Stephen Jones
Friday, July 18, 2003

Why would links break if they were in subdirectories?

(FWIW, I have a vested interest in this topic - I've got 60k+ documents in a very structured directory arrangement)

Philo

Philo
Friday, July 18, 2003

Because if you ever decide to change the subdirectories then you have a broken link.

I try and subdivide storage folders to less than 100 files per folder. but if I need to access them programmatically I keep the tree structure to a minumum. Less chance of SNAFUS

Stephen Jones
Friday, July 18, 2003

Can't find the reference now but I seem to recall that NTFS performance is optimal with rather shallow directory trees and short filenames.

Just me (Sir to you)
Friday, July 18, 2003

"Because if you ever decide to change the subdirectories then you have a broken link."

[shrug] And if you ever decide to rename your files you have a broken link. Seems like a strawman to me.

Philo

Philo
Friday, July 18, 2003

No, more smoke and mirrors.

Organizing things in a hierarchy is great. I do it and can or less find any file I want just by looking at the file names. But putting that mental model into the path name is the equivalent of hard coding text strings.

How do you know that the secretary, or boss, might not decide to reorganize your files; he/she will have no idea how links work.

Stephen Jones
Friday, July 18, 2003

Bored:

"My question is basically - what would I sacrifice in terms of file system reliability and performance by having all such user directories in one directory, versus concocting a multi level tree of user directories?"

I have direct experience with this.  If you have many tens of thousands of users, this approach simply won't work (ie, it won't scale).

The reason is that NTFS has a limit to the size of its directory entry space for a given directory.  At an avg. length of about 32 characters, I have been unable to create more than about 18,000 subdirectories for a given directory.

I never bothered to figure out the exact limit (since I abandoned my strategy when I hit the wall), but there _is_ a limit on the number of subdirectories a given directory may have.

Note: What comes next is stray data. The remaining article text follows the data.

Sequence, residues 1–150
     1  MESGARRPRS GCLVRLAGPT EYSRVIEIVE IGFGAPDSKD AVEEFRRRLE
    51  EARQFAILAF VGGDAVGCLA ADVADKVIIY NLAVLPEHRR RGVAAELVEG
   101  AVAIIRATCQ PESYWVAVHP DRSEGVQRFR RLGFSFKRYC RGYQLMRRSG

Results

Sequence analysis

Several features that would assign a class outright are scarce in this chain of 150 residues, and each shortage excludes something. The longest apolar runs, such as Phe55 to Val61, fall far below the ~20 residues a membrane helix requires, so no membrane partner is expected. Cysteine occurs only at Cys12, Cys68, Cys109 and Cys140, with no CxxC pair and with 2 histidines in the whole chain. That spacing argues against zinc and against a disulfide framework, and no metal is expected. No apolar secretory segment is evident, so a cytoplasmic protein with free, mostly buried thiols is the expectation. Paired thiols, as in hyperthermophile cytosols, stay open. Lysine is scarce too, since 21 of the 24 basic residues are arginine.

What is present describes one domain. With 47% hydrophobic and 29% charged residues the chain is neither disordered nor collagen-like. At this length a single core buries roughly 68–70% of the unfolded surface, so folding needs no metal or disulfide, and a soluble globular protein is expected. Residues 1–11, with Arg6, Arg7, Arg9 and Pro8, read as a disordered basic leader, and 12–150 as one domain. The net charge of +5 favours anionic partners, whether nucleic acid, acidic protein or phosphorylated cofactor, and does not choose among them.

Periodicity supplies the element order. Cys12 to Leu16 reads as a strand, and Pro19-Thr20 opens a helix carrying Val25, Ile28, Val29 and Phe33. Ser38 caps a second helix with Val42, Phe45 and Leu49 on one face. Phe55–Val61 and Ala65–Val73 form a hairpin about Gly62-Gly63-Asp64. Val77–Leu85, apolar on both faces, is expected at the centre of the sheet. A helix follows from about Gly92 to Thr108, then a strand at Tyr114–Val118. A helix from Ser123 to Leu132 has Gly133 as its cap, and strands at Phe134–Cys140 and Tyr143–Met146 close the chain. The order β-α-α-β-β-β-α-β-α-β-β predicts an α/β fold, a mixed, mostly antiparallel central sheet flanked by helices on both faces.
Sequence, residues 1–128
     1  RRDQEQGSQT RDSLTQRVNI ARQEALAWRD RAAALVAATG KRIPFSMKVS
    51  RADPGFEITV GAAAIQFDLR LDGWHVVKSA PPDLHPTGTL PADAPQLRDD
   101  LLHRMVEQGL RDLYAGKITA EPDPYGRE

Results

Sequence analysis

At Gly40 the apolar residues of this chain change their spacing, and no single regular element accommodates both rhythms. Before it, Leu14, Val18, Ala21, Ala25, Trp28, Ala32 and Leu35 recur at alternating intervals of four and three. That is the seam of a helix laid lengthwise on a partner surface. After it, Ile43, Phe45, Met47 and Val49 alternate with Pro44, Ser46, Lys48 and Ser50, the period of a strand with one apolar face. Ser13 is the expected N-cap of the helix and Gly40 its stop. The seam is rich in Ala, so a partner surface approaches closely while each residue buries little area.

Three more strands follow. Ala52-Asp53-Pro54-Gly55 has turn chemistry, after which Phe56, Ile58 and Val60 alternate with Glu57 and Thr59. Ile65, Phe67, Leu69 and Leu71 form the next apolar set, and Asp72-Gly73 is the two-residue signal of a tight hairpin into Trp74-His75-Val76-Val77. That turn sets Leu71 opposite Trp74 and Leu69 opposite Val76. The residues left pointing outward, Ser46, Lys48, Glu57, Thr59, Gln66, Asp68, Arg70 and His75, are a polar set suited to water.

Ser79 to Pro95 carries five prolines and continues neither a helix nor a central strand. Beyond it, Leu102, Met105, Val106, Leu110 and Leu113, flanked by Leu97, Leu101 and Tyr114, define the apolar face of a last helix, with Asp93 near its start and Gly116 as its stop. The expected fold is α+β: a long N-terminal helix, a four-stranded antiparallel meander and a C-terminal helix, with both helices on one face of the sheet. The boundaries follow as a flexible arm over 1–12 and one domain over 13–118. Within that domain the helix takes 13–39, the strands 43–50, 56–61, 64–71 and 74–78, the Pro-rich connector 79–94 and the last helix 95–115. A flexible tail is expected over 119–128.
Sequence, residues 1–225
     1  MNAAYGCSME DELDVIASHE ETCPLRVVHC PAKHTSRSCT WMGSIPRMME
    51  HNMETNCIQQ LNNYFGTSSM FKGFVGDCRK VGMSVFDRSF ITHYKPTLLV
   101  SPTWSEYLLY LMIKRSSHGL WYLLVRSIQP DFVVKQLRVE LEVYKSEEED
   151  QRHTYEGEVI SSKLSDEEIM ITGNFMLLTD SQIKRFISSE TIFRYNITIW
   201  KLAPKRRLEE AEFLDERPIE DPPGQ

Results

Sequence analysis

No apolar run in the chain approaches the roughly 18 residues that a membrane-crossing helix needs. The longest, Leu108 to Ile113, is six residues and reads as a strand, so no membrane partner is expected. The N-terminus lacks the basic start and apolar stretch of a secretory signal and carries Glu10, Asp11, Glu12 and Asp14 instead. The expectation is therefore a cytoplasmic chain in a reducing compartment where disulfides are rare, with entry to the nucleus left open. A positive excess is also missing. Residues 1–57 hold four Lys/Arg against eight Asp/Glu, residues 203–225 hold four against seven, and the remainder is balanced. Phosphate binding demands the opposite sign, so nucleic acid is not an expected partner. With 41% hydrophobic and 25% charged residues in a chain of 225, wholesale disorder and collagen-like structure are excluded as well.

(this was with Win2k, not sure what advances have occurred since then...YMMV)

c++_conventioner
Friday, July 18, 2003

I don't think there should be a practical limit, but there can be issues to deal with.

from: http://groups.google.com/groups?q=NTFS+maximum+number+of+subdirectories&start=10&hl=en&lr=&ie=UTF-8&oe=UTF-8&safe=off&selm=eeLvLnkvBHA.2384%40tkmsftngp05&rnum=13

"Short file names
Every time you create a file with a long file name, NTFS creates a second
file entry that has a similar 8.3 short file name. A file with an 8.3 short
file name has a file name containing 1 to 8 characters and a file name
extension containing 1 to 3 characters. The file name and file name
extension are separated by a period.

If you have a large number of files (300,000 or more) in a folder, and the
files have long file names with the same initial characters, the time
required to create the files increases. The increase occurs because NTFS
bases the short file name on the first six characters of the long file name.
In folders with more than 300,000 files, the short file names start to
conflict after NTFS uses all of the 8.3 names that are similar to the long
file names. Repeated conflicts between a generated short file name and
existing short file names cause NTFS to regenerate the short file name from
6 to 8 times.

To reduce the time required to create files, you can use the fsutil behavior